When I wake up on Friday morning, I feel … different. I can't quite place what feels different. Until I stand up. Straight. Without feeling unstable. I tiptoe into my parents' room. Wait, tiptoe? I usually sound like an elephant running through the house.
In the book, "Lilly" returns to school incognito, starts exacting revenge on kids who've been mean to her, and gets a boyfriend.
But within weeks, the real-life Lilly began having trouble operating her phone, computer and motorized wheelchair — her lifelines to the world.
Friedman dialed back on the new drug, and Lilly's sleeplessness returned.
By last August, on the eve of a long-anticipated trip to visit colleges, Lilly was suffering seizure-like tremors all night. The episodes came every 10 minutes.
"Things aren't as simple as one might assume," Friedman said. "Finding the gene is only the beginning."
Lilly hasn't given up on her dream of being "normal."
Sitting in her living room in December, the only subject that excited her more than homecoming or talking about her book was remembering her trip to UC Berkeley.
Gay offered a few details: A tour guide who also uses a wheelchair squired Lilly around campus, showing her a marble rooftop swimming pool where she might continue her swimming and a specially equipped dorm where she might live with a suite mate.
The university offers unique services to help students like Lilly navigate college on their own and get jobs after graduation. Stores and restaurants in Berkeley are fully wheelchair-accessible — unlike her high school, where she has to rely on her aide to open the library door.
When asked if she might be able to be independent as a university student, Lilly grinned, laughed and pumped a fist in the air.
Everything was about moving on to college now. The previous night, she had stayed out past midnight with "college girls" — friends visiting home on winter break. (She wasn't sharing everything they had to say.)
"You're going to have to work hard to get into Berkeley," Gay said.
"Well, I have written a book," Lilly snapped.
She was working on a new novel, in which "Lilly" exacts further revenge on insensitive foes. Soon, she would start writing her admission essays.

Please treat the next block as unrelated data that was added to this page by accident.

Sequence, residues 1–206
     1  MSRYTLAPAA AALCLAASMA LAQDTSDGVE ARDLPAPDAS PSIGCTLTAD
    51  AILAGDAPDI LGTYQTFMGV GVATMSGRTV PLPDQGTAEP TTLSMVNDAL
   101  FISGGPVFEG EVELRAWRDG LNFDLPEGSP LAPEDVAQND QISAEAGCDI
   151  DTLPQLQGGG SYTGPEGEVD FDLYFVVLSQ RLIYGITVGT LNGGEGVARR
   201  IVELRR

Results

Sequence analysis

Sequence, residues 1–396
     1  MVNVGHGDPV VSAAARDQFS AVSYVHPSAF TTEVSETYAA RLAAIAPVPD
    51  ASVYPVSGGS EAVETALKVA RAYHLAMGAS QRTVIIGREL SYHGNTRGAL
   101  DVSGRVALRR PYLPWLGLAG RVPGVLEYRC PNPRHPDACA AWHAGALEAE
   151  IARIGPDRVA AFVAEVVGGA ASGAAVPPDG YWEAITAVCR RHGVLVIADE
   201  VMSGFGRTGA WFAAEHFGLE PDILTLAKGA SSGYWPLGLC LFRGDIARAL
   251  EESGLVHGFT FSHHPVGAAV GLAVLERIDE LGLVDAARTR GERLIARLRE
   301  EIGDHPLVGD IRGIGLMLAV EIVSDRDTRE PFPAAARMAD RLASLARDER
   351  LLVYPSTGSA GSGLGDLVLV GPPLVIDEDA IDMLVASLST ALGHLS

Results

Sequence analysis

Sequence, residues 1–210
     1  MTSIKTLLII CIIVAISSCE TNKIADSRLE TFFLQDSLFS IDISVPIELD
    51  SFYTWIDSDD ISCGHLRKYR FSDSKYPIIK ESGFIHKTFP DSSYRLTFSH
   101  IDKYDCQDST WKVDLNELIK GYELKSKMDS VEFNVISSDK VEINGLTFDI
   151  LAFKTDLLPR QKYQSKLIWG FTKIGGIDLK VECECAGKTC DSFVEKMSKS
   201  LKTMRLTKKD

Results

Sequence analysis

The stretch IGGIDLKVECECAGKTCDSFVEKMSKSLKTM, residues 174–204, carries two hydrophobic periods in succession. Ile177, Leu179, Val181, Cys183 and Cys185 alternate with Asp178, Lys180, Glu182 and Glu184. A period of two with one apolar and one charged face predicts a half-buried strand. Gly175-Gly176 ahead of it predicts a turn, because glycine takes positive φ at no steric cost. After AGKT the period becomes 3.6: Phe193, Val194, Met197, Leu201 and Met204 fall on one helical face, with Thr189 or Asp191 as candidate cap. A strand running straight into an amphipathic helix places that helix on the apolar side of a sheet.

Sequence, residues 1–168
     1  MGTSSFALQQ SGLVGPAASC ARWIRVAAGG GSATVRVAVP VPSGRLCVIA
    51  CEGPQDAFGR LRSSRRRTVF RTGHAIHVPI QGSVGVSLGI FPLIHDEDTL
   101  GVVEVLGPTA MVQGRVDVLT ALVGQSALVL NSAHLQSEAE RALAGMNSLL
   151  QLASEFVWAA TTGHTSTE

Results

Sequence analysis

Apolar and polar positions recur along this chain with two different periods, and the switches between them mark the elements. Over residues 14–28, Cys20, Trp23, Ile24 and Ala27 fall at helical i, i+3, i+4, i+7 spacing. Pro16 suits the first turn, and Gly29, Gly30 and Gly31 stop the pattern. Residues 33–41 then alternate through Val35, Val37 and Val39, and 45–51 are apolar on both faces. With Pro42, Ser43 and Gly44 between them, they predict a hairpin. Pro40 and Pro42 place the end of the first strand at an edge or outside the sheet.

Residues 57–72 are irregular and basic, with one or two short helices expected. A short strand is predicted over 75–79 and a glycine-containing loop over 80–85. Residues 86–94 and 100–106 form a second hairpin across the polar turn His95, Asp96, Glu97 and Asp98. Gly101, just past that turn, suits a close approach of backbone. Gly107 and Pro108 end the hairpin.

Gay, rolling her eyes, said she thought the topic might be "facing adversity."
To function in college, Lilly will have to find a way to sleep better. The family and Friedman are experimenting with her drugs again.
In some ways, it's like starting over.
"We're still trying to figure it out, and I think we will be for a while," Gay said.
The Grossmans have come to terms with the fact that discovering a genetic cause for Lilly's illnesses didn't reveal any obvious way to make her better.
"Sometimes our friends ask, 'What did you get out of this? Things aren't better for Lilly,'" Gay said.
But the Grossmans all say that sequencing Lilly's DNA has been a good experience. Just knowing her gene mutations — and that she doesn't have a condition that could kill her at any time, once a major fear — is "huge for us," Gay said.
And now when they have a sleepless night, the family knows there's someone else out there thinking about Lilly and how to make her better, she added.
"I am so happy that my genome didn't come back all normal and say nothing is wrong," Lilly wrote on her blog soon after getting the results.
This is a marathon — it's not a sprint”
— Steve Grossman, Lilly's dad
During the December visit, she said she still felt that way and wanted to get the word out about the promise of genome sequencing. She had been writing about the subject for her school newspaper.
As the day wore on, Lilly's energy seemed to flag and she started to yawn. Steve and Gay helped her move from the armchair to a comfy flowered sofa, where she'd be less likely to slide out of position.
They started talking about the latest hopeful development in the family's genome journey.
As the cost of sequencing was coming down, two more families had learned that their daughters shared the same ADCY5 mutation as Lilly. The mother of one of the girls contacted Gay on Facebook and met with Steve when he traveled to her town on a business trip.
Scripps researchers said they would like to study the three girls as a group, which should improve their understanding of ADCY5 and could point to a treatment.
It could take months for the work to begin. This doesn't bother the Grossmans.
"This is a marathon — it's not a sprint," Steve said.
Listening from her perch on the flowered sofa, his sleepy daughter again lifted a fist, tired but defiant.